``Blauer Himmel: The Blue Sky Over My Country'' (2005)by Ri Sok Nam
One hundred thirty works from North Korea are being shown for the first time outside the country in Vienna, in the world's largest exhibition of its kind that opened Wednesday.
The Austrian Museum of Applied Arts (MAK) is showcasing "Flowers for Kim Il Sung" in collaboration with the Korean Art Gallery in North Korea. Sixteen portraits of Kim Il-sung and his successor Kim Jong-il will be shown for the first time abroad, as well as 30 propaganda posters and other painted works. The architecture of the country will also be represented with a model of the Juche Tower ― the world's highest stone tower that was built in honor of Kim Il-sung's birthday ― including building blueprints, photographs and design sketches.
Director Peter Noever was the mastermind behind the exhibition, which came about from his inspiration to collaborate with the isolated nation after a spontaneous trip there in 2003.
"The impressions I gained of this country spawned the idea of exhibiting, in Vienna, the art production of this culture. I proposed the idea to the Korean Art Gallery," Noever told The Korea Times in an email interview. "At first those responsible in the DPRK did not really know what such an intention involved, as it seemed so exotic; these works had never before been shown abroad. ''
"In a long-term process, trust was gradually established and talks with the Minister of Culture of DPRK finally took place in 2009."
The works were selected in "close collaboration" with the Korean Art Gallery and a range from landscapes, urban scenes and brush paintings said Bettina Busse, the curator of the exhibition. The oldest artworks are from 1960, the newest from 2010.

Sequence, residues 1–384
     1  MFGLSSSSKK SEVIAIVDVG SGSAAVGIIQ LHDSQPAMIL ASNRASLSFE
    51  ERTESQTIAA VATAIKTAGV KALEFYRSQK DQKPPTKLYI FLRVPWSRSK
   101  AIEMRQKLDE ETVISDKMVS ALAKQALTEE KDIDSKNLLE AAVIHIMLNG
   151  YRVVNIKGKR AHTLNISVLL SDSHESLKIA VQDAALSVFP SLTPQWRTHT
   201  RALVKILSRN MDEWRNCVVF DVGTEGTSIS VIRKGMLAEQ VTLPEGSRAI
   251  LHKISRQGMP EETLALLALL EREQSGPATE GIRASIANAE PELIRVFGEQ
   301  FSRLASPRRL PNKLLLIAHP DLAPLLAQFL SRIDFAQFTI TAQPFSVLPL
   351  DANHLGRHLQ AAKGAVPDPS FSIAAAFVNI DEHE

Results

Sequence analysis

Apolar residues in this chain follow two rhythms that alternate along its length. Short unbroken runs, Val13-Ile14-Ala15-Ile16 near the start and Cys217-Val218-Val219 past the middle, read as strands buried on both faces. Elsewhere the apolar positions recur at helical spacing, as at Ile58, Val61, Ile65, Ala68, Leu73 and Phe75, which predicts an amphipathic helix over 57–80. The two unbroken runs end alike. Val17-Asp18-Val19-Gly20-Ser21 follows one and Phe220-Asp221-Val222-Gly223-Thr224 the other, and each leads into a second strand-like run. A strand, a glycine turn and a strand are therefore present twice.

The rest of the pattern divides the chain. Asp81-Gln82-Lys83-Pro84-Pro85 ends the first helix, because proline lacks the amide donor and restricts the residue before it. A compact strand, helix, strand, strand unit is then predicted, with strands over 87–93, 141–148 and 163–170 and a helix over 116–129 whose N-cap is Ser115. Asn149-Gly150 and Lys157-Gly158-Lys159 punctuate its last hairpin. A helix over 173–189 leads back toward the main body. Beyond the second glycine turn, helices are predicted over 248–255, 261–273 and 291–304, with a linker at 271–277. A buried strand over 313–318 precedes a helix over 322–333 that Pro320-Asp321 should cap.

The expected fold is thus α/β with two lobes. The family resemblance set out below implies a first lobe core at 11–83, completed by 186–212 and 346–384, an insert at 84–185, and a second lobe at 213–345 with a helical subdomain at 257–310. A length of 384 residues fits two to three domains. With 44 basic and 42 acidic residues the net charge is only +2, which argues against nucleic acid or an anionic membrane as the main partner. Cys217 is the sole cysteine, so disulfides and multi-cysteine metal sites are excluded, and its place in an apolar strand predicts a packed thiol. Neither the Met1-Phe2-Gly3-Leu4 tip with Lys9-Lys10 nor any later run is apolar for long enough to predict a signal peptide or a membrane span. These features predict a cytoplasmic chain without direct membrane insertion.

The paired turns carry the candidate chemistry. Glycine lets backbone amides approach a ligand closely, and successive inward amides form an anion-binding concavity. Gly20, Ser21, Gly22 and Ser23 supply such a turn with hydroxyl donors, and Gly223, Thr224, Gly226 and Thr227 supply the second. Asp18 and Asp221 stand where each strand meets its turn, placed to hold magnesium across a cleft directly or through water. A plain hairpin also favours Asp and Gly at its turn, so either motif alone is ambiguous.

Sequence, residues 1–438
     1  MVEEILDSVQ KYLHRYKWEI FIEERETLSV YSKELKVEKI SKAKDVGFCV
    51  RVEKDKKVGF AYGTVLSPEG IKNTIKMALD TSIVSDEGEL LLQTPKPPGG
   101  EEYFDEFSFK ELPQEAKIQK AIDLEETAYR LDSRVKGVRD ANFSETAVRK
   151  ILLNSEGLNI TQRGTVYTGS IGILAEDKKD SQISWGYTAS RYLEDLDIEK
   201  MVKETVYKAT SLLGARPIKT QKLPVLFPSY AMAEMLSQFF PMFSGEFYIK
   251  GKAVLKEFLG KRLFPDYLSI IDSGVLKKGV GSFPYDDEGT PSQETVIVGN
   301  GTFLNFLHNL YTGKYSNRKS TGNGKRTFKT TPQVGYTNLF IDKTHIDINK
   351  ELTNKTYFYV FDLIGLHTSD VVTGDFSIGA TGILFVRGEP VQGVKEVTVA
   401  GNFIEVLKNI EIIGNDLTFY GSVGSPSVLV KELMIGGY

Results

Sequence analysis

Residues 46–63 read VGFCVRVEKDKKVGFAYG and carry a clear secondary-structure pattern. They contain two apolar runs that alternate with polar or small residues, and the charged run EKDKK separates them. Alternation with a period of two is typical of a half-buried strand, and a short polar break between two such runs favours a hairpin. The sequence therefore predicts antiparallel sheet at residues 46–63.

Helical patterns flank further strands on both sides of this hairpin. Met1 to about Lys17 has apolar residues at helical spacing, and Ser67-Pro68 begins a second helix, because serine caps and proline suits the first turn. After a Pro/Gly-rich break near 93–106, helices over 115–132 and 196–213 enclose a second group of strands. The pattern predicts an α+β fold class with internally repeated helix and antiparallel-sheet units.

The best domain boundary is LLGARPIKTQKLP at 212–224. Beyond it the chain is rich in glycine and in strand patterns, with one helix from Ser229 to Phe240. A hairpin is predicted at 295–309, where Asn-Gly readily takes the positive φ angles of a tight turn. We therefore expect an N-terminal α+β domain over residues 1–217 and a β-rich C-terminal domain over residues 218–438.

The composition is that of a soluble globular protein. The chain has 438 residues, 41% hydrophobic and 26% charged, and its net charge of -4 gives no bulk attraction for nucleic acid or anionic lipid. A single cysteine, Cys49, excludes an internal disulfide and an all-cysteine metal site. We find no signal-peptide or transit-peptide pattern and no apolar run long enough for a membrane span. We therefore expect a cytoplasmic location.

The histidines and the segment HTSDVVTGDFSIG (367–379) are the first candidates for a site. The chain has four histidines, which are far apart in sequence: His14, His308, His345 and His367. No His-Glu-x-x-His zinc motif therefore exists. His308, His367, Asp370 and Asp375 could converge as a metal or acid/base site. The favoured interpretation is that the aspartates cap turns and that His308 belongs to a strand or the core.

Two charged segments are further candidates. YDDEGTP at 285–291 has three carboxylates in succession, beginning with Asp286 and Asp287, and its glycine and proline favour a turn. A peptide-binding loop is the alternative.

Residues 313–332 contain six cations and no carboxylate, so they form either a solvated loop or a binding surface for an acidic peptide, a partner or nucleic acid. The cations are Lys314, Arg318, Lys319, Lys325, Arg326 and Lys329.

In North Korea, artists are employed in large studios, where creative minds work together and are paid a monthly salary. "It emphasizes leadership, the spirit of revolutionary struggle, and filial piety, which is extended into the state and national forms of art," Busse said.
Koen De Ceuster, a professor at the Centre for Korean Studies in Leiden University, is one of several North Korean experts invited to speak at a series of panels ongoing throughout the summer in conjunction with the exhibition.
Stylistically, De Ceuster explained, the art there "developed in a bubble" following the Korean War (1950-1953). "Just as you saw in the Soviet Union, North Korean art closed itself off and became quite restricted in both style and content."
However, that disconnection from the outside art world led to a divergent aesthetic, particularly in regard with the traditional paintings. The artwork can be picked out by the "strength of the strokes, the vividness of the colors" De Ceuster said. "Which you might interpret as a political message, but that really distinguishes North Korean brush paintings."
"It's a painting style that deserves to be recognized for the development it brought to oriental painting," he added.
Though focus is placed on content over individual mastery, there are some who "have their own outstanding art and they have their own recognizable style."
This crack in the system of uniformity is part of what De Ceuster appreciates most about the art. "It allows me to say something of North Korea that goes beyond the usual political analysis."
The professor has also had opportunities to meet some of the minds behind the art through his visits to the country. "Through the painters, you get an impression of what it means to live in North Korea. How they talk about their artwork as artists is what I find fascinating ― of course you're not dealing with robots."
There has been criticism following the exhibition for featuring such politically sensitive material that focuses on mostly propagandist subjects. However, museum director Noever views the large-scale endeavor as more than a mere outlet for an agenda.
"'Flowers for Kim Il Sung' should in no way be viewed as a political statement, but rather purely as a unique opportunity to examine the idealizing art of the Democratic People's Republic of Korea, which is hardly known at all," he said. "With this showing at the MAK, the DPRK has broken through its isolation ― at least in terms of artistic production."
A supplementary program will also screen a selection of films from North Korea. "Flowers for Kim Il Sung" will run through Sept. 5 at the MAK. For more information visit www.mak.at.